Canadian Pacific in the cross-hairs

Posted by Fred Frailey
on Wednesday, November 2, 2011

In my former life, I put out an 800,000-circulation magazine about ordinary Janes and Joes and their money. And one person my writers focused on for great investment ideas was Bill Ackman, the 45-year-old investor who runs a $6.3 billion hedge fund called Pershing Square Capital Management. At investor conferences I attended, Ackman strode about the stage like a rock star. Individual investors paid $1,000 or more just to listen to Ackman. He had a track record of finding companies whose stocks were undervalued and then putting the squeeze on management to do what had to be done to make those prices reflect the real values. More often than not, he succeeded.

Now Bill Ackman’s laser-like focus has settled on Canadian Pacific, the one big North American railroad still trying to convince the world that it has its act together. The other day Pershing Square revealed in a filing with securities regulators that it owns or controls 12 percent of Canadian Pacific shares. This is the corporate equivalent of an act of war.

In most instances, Ackman’s strategy is to amass a formidable stake and then go to management with a plan to get the stock price out of the doldrums. He doesn’t take no for a final answer, either. Reading the news, I searched my mind for such a plan. Invest heavily in the Bakken Shale oil fields of North Dakota and Saskatchewan? Happening now! Invest even more to extend its Minnesota Dakota & Eastern subsidiary into the Powder River Basin coal fields? I don’t think spending big bucks is what Ackman has in mind.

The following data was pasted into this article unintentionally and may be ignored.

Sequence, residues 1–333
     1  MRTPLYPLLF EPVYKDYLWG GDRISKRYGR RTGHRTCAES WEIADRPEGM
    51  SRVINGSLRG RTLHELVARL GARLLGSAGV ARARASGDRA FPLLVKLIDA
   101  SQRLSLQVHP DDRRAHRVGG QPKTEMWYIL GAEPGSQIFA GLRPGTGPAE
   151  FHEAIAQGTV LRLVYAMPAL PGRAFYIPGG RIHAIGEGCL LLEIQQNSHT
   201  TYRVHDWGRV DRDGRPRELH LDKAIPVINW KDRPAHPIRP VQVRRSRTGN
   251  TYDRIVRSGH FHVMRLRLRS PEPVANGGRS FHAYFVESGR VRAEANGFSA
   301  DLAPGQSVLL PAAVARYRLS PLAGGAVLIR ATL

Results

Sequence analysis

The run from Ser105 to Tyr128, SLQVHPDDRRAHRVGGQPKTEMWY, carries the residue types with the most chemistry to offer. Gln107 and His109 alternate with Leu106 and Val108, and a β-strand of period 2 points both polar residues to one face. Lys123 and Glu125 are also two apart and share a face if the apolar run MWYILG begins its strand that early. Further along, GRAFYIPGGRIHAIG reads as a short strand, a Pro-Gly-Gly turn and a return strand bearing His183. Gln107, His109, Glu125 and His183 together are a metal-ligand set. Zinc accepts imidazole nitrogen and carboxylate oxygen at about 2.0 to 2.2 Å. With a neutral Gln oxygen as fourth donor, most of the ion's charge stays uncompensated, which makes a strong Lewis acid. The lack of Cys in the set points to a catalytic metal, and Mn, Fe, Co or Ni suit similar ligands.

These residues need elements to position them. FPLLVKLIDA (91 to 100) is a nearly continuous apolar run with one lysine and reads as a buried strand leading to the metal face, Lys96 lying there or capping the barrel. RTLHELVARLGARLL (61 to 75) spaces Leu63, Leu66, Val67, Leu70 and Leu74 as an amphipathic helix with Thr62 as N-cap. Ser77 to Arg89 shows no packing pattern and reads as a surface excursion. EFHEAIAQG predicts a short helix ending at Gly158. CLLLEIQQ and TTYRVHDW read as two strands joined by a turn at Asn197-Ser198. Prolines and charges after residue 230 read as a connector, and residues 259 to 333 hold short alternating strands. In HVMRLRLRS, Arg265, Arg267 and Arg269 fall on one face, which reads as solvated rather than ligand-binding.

So what is Ackman up to? Maybe his is simply a passive investment, a la Warren Buffett’s initial foray into Burlington Northern Santa Fe, in a railroad with great long-term potential. But that is contradicted by Ackman’s request for a meeting with management and CP directors. Talks between the parties may already have begun, in fact. There is an agenda here, except that you and I don’t yet know what it is. Does he want CP to be sold? One railroad analyst suggests that BNSF Railway is in the wings, but further railroad consolidation now would be difficult, perhaps impossible, to pull of politically. What about a change at the top? That’s what Ackman engineered at JC Penney, by luring the man in charge of Apple’s retail network to become the new chief executive.

The latest event must be disconcerting to Fred Green, Canadian Pacific’s chief executive and a CP lifer. His company just went through a century-worst winter on the Canadian prairies that saw its operating ratio skyrocket, its stock price tank, and its intermodal market share versus Canadian National take a turn for the worse. There is now, in fact, almost a 20-point gap between the operating ratios of CP and CN. Then came floods that closed its crowded main line into the U.S. from North Dakota to Chicago. Rightly or wrongly, Canadian Pacific remains the railroad everyone loves to hate. And now this. — Fred W. Frailey

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